Yawuru people have occupied and managed the lands and seas in and around Broome since time immemorial. In 2006 the Federal Court determined that the Yawuru people are the native title holders of approximately 530,000 hectares of traditional Yawuru country.
The Federal Court judgement recognised that the “source of the Yawuru community’s traditional laws and customs … is the Bugarrigarra”. The court considered evidence about Yawuru traditional laws and customs relating to rai, the Yawuru language, the skin section system, kinship, malinyanu laws and customs, traditional stories, bush names, hunting, bush foods, looking after Country, speaking for Country, increase sites and permission requirements. The Court said that “when considered cumulatively, the evidence in relation to those matters demonstrated that the present Yawuru community still acknowledges and observes the traditional laws and customs which, since sovereignty, have constituted the normative system under which the native title rights and interests in issue are being claimed.” (Rubibi Community v State of Western Australia (No 6)  FCA 82 – Case Summary).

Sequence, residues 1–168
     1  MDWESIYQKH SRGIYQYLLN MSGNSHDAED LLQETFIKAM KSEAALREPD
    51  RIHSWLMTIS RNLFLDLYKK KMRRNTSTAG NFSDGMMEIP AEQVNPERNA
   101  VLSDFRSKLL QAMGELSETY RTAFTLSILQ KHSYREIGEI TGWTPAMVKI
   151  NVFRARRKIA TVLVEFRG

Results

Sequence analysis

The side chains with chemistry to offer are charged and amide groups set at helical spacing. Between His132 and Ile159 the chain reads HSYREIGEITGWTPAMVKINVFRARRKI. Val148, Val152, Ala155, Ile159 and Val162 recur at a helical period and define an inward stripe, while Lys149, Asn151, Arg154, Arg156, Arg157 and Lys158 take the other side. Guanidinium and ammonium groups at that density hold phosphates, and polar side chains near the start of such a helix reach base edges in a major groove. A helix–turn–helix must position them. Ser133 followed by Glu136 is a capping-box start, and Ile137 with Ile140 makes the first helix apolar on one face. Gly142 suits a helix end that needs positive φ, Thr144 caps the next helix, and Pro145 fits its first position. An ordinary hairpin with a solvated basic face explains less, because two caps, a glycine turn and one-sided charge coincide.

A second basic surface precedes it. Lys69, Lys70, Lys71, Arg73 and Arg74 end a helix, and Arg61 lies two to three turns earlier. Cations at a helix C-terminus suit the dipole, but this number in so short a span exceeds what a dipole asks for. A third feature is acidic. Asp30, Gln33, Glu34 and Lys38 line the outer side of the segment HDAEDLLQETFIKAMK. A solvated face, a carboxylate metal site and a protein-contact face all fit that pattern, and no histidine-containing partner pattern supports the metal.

You can read the rest of the determination here.
The Yawuru community now number between 1,000 and 2,000 people, the vast majority of whom live in Broome. The Yawuru community and Country has undergone extraordinary change over the past 130 years since the beginning of European occupation. Changes continue to place significant pressure on Yawuru people especially with Broome’s rapid population growth.
This creates both challenges and opportunities for Yawuru people today who have responsibility to protect and nurture our country and culture while at the same time participating in the regional economy in a manner that creates reliable prosperity for individuals, families and the whole Yawuru community.